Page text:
• Y10TECHNICAL SUBJECTS COVERED BY FORMER USPC
    • Y10STECHNICAL SUBJECTS COVERED BY FORMER USPC CROSS-REFERENCE ART COLLECTIONS [XRACs] AND DIGESTS
    • Y10S439/00Electrical connectors
    • Y10S439/941Crosstalk suppression

Description

    Field of the Invention
  • The present invention relates to configurations for electrical connectors that tend to suppress crosstalk between terminals of the connectors, and particularly to a low crosstalk configuration for jacks and plugs used in high data rate wired networks.
  • Discussion of the Known Art
  • Presently, telephone "modular" plug and jack connectors are used in many communication systems as a primary means for connecting copper wire to equipment. Such connectors, referred to in the industry as, e.g., type RJ-45 connectors, usually have four pairs of connector terminals. The known plugs and jacks are also used to provide simple and reliable "patching" connections between lengths of cable carrying one or more twisted pairs of copper wire conductors. The modular plug and jack connection configuration has become a global standard. The mounting size of a type RJ-45 jack frame measures about 1.651 cm (0.650 inches) by 1.524 cm (0.600 inches).
  • There is a current concern in the connector industry with improving crosstalk performance of the modular type telephone plugs and jacks, especially to allow existing copper cable systems to compete with optical fiber networks. See, for example, U.S. Patents No. 5,399,107 (Mar. 21, 1995); and No. 5,186,647 (Feb. 16, 1993). But characteristics inherent to the existing modular connector interface, tend to limit the amount of crosstalk suppression that can be achieved when using the connectors with copper cable systems. It would therefore be desirable to provide a plug and jack connector interface that excels in crosstalk suppression relative to current modular connector designs. Preferably, such an interface should occupy a cross-section no greater than that of current modular connectors so that large scale field replacements can be easily carried out.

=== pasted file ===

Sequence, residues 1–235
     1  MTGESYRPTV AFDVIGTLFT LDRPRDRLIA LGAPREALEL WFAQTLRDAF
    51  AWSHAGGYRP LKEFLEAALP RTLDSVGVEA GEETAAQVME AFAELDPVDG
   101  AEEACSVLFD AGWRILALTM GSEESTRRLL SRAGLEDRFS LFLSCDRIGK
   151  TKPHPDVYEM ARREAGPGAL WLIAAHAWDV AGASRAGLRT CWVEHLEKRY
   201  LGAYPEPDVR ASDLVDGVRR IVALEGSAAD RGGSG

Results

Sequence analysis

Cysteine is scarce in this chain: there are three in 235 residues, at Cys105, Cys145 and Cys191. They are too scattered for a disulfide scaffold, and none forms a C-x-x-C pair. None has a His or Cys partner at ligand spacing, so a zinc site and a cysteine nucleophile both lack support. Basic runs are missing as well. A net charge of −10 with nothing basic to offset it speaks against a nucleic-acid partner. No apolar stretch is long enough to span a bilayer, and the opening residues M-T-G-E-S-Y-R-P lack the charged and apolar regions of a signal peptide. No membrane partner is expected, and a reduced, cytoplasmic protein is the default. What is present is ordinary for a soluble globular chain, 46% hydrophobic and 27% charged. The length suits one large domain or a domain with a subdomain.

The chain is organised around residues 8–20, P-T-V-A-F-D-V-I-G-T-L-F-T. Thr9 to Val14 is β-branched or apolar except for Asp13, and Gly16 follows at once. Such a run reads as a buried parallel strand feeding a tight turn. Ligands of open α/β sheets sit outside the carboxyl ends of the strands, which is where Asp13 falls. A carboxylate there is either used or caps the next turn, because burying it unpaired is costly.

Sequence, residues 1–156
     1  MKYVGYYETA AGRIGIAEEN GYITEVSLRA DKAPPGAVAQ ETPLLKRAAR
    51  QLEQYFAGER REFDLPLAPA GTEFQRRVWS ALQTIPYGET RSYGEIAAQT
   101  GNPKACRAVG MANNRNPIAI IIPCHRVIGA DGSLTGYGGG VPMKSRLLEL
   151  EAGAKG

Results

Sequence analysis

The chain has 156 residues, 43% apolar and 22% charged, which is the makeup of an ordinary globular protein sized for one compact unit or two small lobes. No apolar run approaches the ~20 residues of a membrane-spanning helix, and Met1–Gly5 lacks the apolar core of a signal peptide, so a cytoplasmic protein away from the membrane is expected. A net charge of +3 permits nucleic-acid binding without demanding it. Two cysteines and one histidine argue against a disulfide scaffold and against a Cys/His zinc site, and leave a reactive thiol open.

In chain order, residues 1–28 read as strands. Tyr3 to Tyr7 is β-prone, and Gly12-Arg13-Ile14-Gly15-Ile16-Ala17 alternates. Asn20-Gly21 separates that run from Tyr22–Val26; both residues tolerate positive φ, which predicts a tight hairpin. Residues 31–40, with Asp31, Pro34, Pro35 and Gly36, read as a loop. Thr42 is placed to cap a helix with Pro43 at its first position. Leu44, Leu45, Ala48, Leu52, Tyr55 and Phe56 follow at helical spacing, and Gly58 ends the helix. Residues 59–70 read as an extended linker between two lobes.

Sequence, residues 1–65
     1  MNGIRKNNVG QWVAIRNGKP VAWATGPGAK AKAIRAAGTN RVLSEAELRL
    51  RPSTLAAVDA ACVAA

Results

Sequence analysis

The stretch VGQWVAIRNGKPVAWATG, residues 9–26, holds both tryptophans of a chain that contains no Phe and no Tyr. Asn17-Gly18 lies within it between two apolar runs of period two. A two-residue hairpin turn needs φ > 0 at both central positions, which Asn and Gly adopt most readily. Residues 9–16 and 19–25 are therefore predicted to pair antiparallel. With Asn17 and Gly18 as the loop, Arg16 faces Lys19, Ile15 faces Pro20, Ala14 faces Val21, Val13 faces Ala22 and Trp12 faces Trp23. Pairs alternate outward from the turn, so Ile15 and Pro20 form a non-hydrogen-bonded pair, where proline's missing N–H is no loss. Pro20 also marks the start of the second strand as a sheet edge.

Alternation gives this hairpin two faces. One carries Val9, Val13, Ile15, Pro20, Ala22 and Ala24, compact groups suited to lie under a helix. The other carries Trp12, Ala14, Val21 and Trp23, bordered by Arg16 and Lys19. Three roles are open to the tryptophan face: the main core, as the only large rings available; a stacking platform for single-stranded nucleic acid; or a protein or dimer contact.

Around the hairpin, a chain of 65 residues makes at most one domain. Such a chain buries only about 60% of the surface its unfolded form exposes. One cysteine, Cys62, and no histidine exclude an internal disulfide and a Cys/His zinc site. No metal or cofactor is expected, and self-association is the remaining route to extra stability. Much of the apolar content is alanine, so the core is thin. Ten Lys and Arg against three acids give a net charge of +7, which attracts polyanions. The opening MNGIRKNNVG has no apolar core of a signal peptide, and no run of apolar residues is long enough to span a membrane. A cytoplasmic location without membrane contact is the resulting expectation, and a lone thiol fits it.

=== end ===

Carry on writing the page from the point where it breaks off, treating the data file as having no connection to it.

• EP 755,100 (22 January 1997) discloses a plug and jack contact set for twisted pair cable, wherein contact pins for each wire pair are individually shielded by the plug and the jack connectors for each set. Each pair of contact pins is located adjacent an outer shield cover of the associated connector, to maximize the spacing between pairs of contact pins on the connector. It would of course be desirable to provide a low crosstalk connector configuration that can be applied to existing wire networks without shielding, and nonetheless obtain a high level of crosstalk performance.
  • Summary of the Invention
  • According to the invention, a low crosstalk connector configuration includes a connector terminal face, and at least three pairs of electrical connector terminals wherein each pair of terminals is situated at a different corner of an approximately square pattern projected on the terminal face. Pairs of terminals at opposite side ends of the square pattern, are aligned in respective planes that are substantially perpendicular to one another. Pairs of terminals at diagonally opposite corners of the square pattern, are aligned in respective planes that are substantially parallel to one another.